The Disadvantages & Advantages of Plastic Material

by Alexander Sam; Updated September 26, 2017
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Plastics have been around since 1868, when John Wesley Hyatt created celluloid, which was the first American plastic. Since then, plastics have been designed for all different uses, but are most notably used for consumer packaging. Industries have touted plastics for their inexpensive costs and multiple uses; however, they have also been blamed for being highly wasteful and a threat to the environment.

Advantage -- Economical

From a business and consumer market point of view, plastics are economical and very inexpensive to produce mass quantities. They provide an alternative to more expensive raw materials, making them the clear choice when searching for low-cost packaging materials. Plastics are also a relatively strong material, making them reliable for a number of different uses, like plastic bags or inexpensive patio furniture. The flexible nature of plastics means they tend to contort before breaking, which increases their durability in most situations.

Advantage -- Easy To Fabricate

Plastic materials are easy to manufacture and create with few costs. Most plastic products are created by using special molds, which the take the liquid plastic and construct it into the desired shape. One mold is used multiple times, making the process predictable and easy. Plastic are easier to fabricate than metal components and require less energy and time for the process. Workers don't have to be as skilled as metal workers, which makes it possible to use workers with little experience.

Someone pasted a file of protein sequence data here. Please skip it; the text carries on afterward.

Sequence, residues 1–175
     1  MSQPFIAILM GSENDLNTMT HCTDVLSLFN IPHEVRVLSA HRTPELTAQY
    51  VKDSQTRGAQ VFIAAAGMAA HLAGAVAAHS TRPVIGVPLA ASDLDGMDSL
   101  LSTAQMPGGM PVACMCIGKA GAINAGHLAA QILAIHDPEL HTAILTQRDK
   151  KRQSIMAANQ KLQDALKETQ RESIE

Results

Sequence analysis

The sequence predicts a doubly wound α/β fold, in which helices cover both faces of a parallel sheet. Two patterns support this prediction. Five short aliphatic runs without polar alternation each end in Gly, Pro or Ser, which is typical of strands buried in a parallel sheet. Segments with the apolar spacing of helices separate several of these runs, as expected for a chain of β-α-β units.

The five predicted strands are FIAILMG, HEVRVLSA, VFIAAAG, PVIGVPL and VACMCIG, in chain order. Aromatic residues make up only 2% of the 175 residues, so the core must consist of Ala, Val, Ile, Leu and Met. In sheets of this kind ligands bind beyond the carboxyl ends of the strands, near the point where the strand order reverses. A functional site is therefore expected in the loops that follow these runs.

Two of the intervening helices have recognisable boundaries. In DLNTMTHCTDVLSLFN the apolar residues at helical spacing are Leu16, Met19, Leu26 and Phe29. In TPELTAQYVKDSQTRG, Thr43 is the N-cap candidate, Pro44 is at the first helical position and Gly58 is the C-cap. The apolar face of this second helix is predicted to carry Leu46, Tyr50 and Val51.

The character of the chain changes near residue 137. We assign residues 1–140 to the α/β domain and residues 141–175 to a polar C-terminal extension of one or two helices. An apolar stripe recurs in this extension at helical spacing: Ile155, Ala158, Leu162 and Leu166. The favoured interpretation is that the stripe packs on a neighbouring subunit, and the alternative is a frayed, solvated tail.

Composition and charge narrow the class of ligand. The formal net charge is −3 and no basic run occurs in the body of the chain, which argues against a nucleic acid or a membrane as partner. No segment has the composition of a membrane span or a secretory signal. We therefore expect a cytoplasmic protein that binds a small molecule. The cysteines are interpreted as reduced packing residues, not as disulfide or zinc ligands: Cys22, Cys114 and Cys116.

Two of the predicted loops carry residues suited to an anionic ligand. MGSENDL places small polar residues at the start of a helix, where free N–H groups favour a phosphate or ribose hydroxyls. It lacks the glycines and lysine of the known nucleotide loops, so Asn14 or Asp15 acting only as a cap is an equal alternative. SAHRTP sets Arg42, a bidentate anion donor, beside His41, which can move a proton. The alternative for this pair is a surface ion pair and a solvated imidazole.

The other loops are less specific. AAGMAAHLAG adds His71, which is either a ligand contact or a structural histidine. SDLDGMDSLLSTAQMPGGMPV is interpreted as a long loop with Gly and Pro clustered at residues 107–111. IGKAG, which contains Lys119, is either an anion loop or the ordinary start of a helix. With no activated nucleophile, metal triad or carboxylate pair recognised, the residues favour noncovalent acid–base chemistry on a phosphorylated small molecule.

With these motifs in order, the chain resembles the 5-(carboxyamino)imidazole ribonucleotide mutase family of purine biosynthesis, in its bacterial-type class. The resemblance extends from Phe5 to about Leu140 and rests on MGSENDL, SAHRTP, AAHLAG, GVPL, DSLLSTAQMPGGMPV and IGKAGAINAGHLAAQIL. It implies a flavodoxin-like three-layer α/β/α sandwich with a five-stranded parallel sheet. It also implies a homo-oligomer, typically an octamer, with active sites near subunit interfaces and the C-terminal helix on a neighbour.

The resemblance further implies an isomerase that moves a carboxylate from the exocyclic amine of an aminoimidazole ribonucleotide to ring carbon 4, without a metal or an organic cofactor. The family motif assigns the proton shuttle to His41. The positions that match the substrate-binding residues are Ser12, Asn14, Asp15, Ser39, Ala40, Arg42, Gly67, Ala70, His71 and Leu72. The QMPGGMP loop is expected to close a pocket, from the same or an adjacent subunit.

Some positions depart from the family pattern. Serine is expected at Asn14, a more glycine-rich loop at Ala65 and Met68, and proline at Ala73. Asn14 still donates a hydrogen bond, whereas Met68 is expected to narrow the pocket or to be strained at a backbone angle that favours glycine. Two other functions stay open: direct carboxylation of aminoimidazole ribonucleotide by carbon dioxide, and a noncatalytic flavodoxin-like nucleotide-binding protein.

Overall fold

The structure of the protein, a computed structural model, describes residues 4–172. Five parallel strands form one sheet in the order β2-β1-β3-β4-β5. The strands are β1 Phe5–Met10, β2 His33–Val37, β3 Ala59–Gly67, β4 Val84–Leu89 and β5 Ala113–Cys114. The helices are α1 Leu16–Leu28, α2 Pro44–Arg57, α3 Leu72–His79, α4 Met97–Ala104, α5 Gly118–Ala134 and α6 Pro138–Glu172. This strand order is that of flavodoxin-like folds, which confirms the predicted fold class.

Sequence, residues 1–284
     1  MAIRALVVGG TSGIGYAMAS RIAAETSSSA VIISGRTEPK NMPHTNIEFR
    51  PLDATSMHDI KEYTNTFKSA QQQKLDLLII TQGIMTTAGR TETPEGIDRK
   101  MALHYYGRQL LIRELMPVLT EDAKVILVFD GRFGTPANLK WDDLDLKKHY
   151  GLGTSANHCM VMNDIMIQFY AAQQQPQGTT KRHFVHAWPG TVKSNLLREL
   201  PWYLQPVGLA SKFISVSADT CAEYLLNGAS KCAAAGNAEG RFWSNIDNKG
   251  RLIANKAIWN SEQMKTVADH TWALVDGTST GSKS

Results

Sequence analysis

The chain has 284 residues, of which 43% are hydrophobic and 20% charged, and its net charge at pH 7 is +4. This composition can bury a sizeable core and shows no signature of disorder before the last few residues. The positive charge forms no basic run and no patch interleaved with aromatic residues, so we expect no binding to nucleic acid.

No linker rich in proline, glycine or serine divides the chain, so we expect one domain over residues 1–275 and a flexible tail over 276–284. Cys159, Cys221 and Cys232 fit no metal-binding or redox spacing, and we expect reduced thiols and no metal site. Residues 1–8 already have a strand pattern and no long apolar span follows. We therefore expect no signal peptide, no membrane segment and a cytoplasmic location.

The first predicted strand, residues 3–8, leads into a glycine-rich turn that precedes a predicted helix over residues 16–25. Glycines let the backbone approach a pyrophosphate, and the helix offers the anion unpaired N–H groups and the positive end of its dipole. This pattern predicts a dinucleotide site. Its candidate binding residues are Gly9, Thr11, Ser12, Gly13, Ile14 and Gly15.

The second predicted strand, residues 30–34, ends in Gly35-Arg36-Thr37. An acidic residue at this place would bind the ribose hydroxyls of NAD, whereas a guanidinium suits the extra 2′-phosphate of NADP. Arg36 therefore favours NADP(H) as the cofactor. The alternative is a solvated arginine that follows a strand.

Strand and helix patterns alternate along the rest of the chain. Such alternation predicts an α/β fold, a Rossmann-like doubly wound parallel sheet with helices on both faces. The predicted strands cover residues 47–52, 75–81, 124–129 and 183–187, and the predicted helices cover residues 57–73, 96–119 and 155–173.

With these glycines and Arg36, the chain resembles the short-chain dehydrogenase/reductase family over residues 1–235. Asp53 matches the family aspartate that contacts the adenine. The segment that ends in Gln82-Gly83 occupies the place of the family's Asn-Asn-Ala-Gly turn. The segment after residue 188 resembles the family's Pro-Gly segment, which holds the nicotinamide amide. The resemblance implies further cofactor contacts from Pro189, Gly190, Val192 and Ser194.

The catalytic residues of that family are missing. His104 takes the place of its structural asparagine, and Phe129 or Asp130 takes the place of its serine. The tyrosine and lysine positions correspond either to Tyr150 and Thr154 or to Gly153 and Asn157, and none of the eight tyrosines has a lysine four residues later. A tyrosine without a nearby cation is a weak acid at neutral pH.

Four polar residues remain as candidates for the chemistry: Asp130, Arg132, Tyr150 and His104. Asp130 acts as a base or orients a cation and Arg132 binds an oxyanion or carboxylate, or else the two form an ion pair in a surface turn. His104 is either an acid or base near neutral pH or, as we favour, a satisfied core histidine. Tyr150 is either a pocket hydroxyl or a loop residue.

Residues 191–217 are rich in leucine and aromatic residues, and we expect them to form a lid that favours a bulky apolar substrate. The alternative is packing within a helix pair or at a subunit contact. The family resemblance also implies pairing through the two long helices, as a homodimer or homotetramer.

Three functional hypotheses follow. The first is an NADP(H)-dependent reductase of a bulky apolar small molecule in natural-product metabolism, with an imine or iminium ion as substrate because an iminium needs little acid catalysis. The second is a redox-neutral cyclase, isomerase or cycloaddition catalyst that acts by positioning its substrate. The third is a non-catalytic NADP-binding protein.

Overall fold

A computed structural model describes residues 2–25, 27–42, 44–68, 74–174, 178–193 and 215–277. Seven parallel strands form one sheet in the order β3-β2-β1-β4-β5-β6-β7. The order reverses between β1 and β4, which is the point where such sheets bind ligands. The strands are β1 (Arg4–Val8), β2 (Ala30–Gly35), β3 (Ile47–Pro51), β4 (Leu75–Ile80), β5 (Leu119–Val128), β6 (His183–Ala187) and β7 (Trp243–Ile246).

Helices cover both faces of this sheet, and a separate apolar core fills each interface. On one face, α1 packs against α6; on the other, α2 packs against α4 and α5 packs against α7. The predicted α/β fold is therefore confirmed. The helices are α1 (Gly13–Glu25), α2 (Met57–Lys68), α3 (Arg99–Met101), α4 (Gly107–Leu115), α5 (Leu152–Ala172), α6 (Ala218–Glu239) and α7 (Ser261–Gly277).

Disadvantage -- Not Biodegradable

A clear issue that has come with the increased use of plastic materials is the waste that is created with their use. Plastics are not biodegradable and because they are often used only temporarily, they create large quantities of waste in landfills. They have become one of the most wasteful materials that are used today. They are a temporary solution as a material, but become a permanent problem after their disposal.

Disadvantage -- Raw Material Costs

The production of plastic materials requires large quantities of crude oil as the main ingredient. Increasing oil prices and difficulties in obtaining oil have meant that the costs of producing plastics is gradually rising. The process of producing plastics also requires large amounts of energy and increases the strain on the environment to provide raw materials for a wasteful material that is highly difficult to recycle. The process of plastic production produces large quantities of toxic emissions, which contribute to the greenhouse gas effect.

About the Author

Alexander Sam is an avid photographer/traveler. After completing a trip across India, Thailand and Laos he decided that he wasn't made for the cubicle job. Presently he is backpacking across South America and hopes to find himself in another part of the world at this time next year. Sam studied sociology at York University.

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